Cyclone Debbie, which lashed the Queensland coast a week ago, has hit farmers hard in the area around Bowen – a crucial supplier of vegetables to Sydney, Melbourne and much of eastern Australia.
With the Queensland Farmers’ Federation estimating the damage at more than A$100 million and winter crop losses at 20%, the event looks set to affect the cost and availability of fresh food for millions of Australians. Growers are reportedly forecasting a price spike in May, when the damaged crops were scheduled to have arrived on shelves.
The incident also raises broader questions about the resilience of Australia’s fresh vegetable supply, much of which comes from a relatively small number of areas that are under pressure from climate and land use change.
In 2011 the Bowen area produced 33% of Australia’s fresh beans, 46% of capsicum and 23% of fresh tomatoes, making it the country’s largest producer of beans and capsicums, and number two in fresh tomatoes.
The region also produces a significant amount of chillies, corn, cucumbers, eggplant, pumpkin, zucchini and squash, and is a key production area for mangoes and melons.
Coastal Queensland’s vegetable regions are among the highest-producing in the country, especially for perishable vegetables. The Whitsunday region around Bowen, and the area around Bundaberg further south are each responsible for around 13% of the national perishable vegetable supply.
As the chart below shows, vegetable production is highly concentrated in particular regions, typically on the fringes of large cities. These “peri-urban” regions, when added to the two major growing areas in coastal Queensland, account for about 75% of Australia’s perishable vegetables.
Australia’s climate variability means that most fresh produce can be grown domestically. The seasonable variability allows production to move from the south to the north in the winter, when the Bundaberg and Bowen areas produce most of the winter vegetables consumed in Brisbane, Sydney and Melbourne. The Bowen Gumlu Growers Association estimates that during the spring growing season in September—October, the region produces 90% of Australia’s fresh tomatoes and 95% of capsicums.
Besides damaging crops, Cyclone Debbie has also destroyed many growers’ packing and cool storage sheds. The cost of rebuilding this infrastructure may be too much for many farmers, and the waterlogged soils are also set to make planting the next crop more difficult.
The recovery of production in these areas is crucial for the supply. Growers who have lost their May crop will first have to wait until the paddocks dry out, then source new seedlings and plant them. It could be weeks until crops can be replanted, and storage and processing facilities replaced.
The Queensland government has announced natural disaster relief funding, including concessional loans of up to A$250,000 and essential working capital loans of up to A$100,000, to help farmers replant and rebuild.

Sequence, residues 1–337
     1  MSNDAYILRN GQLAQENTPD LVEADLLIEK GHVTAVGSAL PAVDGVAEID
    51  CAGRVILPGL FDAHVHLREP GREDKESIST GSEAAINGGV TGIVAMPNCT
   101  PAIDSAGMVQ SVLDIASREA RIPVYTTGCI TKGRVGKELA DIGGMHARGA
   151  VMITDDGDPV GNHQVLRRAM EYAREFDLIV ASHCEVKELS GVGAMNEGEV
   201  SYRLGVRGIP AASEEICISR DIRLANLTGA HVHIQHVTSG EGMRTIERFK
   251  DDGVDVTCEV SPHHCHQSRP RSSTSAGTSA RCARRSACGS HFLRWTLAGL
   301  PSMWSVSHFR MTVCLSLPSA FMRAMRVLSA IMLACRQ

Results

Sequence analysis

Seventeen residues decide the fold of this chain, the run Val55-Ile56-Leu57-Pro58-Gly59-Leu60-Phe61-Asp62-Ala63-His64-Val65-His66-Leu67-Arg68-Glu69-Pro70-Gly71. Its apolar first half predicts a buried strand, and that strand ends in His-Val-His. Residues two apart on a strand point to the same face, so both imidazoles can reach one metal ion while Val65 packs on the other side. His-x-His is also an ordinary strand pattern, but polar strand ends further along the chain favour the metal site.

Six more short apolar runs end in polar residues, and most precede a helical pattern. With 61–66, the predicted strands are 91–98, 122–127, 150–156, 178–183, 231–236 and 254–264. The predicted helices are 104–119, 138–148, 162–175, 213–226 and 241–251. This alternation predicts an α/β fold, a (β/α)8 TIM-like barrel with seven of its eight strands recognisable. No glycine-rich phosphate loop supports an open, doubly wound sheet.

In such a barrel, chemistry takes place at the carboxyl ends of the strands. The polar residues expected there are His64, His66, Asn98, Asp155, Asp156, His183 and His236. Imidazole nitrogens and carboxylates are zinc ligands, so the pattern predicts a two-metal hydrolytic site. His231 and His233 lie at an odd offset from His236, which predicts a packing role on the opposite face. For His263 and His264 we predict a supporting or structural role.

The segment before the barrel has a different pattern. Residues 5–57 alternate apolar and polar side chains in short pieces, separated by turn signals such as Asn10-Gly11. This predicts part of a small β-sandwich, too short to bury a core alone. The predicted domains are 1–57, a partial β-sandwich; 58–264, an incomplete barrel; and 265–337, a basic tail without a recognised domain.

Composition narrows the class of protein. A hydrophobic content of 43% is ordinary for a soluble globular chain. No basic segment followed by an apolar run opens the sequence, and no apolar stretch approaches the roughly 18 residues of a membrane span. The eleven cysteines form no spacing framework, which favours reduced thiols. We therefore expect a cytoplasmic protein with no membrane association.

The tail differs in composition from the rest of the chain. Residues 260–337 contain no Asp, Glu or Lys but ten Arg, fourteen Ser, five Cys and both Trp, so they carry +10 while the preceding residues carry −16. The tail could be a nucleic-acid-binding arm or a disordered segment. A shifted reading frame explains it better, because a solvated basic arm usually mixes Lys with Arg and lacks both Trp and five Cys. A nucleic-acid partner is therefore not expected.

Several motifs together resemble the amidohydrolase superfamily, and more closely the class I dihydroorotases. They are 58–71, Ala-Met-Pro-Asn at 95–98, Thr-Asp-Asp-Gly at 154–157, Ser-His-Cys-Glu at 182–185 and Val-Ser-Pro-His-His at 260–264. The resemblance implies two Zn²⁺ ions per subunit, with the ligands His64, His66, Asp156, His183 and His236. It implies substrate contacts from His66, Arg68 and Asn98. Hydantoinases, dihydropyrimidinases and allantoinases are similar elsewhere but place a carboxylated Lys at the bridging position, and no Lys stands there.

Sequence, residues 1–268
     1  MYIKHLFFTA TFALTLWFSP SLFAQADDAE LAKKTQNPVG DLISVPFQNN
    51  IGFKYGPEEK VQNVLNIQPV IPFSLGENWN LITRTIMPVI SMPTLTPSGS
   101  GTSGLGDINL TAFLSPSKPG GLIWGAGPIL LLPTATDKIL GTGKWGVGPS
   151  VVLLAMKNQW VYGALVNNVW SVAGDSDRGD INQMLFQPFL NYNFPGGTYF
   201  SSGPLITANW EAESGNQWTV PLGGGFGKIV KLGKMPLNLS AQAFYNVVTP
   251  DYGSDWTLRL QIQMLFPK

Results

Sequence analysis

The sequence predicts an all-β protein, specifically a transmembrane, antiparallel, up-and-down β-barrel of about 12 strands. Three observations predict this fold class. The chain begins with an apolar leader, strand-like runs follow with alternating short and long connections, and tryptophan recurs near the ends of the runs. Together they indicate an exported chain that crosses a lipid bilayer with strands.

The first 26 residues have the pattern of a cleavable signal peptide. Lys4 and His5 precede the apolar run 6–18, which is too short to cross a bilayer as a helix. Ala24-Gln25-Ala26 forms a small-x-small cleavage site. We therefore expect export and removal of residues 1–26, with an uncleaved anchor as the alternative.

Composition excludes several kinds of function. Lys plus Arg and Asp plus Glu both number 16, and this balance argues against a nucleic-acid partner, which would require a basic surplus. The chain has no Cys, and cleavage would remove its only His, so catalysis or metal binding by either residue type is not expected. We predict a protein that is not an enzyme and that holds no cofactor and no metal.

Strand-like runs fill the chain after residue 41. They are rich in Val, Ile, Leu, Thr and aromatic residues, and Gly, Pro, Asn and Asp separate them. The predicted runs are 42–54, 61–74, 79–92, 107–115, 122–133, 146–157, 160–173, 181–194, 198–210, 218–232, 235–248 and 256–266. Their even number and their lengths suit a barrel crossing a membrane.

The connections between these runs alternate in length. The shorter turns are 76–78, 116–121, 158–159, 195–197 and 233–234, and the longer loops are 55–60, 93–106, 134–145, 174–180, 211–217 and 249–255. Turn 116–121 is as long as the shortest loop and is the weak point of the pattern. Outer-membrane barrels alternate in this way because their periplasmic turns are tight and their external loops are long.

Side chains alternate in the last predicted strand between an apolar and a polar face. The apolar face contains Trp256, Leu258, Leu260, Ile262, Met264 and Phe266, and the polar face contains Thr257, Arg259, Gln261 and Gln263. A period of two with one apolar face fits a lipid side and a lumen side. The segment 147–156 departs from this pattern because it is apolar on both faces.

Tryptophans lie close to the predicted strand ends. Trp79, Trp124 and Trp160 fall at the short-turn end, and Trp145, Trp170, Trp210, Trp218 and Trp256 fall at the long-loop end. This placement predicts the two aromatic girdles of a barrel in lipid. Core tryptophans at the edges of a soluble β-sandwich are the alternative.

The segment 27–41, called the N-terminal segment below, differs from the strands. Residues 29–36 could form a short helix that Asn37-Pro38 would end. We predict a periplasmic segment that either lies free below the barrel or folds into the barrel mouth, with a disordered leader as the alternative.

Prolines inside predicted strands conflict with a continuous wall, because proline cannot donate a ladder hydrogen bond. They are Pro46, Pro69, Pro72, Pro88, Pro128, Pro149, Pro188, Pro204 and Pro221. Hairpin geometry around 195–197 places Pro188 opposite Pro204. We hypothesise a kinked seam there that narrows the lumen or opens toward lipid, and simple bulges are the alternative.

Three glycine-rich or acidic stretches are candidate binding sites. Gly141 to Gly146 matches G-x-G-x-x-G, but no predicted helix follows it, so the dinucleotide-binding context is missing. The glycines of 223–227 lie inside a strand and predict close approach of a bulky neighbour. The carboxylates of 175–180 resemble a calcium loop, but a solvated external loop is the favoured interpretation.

Meanwhile, consumers of fresh vegetables in Sydney and Melbourne and many other places are likely to find themselves paying more until the shortfall can be replaced.
Fresh food for growing cities
Australia’s cities are growing rapidly, along with those of many other countries. The United Nations has predicted that by 2050 about 87% of the world’s population will live in cities. This urban expansion is putting ever more pressure on peri-urban food bowls.
Food production is also under pressure from climate change, raising the risk of future food shocks and price spikes in the wake of disasters such as cyclones. Meanwhile, the desire for semi-rural lifestyles is also conflicting with the use of land for farming (see Sydney’s Food Futures and Foodprint Melbourne for more).
These pressures mean that Australia’s cities need to make their food systems more resilient, so that they can withstand food shocks more easily, and recover more quickly.
Key features of a resilient food system are likely to include:
geographic diversity in production, which spreads the risk of crop damage from extreme weather events across a number of different production areas;
more local food production, to reduce transportation and storage costs and avoid over-reliance on particular regions;
a diverse, healthy and innovative farming community;
greater consumer awareness of the importance of seasonal and locally produced food;
recycling of urban waste and water for use on farms, to reduce the use of fresh water and fertilisers;
the capacity to import food from overseas to meet shortfalls in domestic supply;
increased use of protected cropping systems such as greenhouses, which are better able to withstand adverse weather.
Our food system has served us well until now, but land use pressures and climate change will make it harder in future. When a cyclone can knock out a major production region overnight, with knock-on effects for Australian consumers, this points to a lack of resilience in Australia’s fresh vegetable supply.
Ian Sinclair is a PhD Candidate studying Contested Landscapes – Managing the Tensions between Land Use Planning in Strategic Agricultural Regions on Australia’s Eastern Seaboard at the University of Sydney; Brent Jacobs is a Research Director at the Institute for Sustainable Futures at the University of Technology Sydney; Laura Wynne is a Senior Research Consultant at the Institute for Sustainable Futures at the University of Technology Sydney, and Rachel Carey is a Research Fellow at the University of Melbourne.
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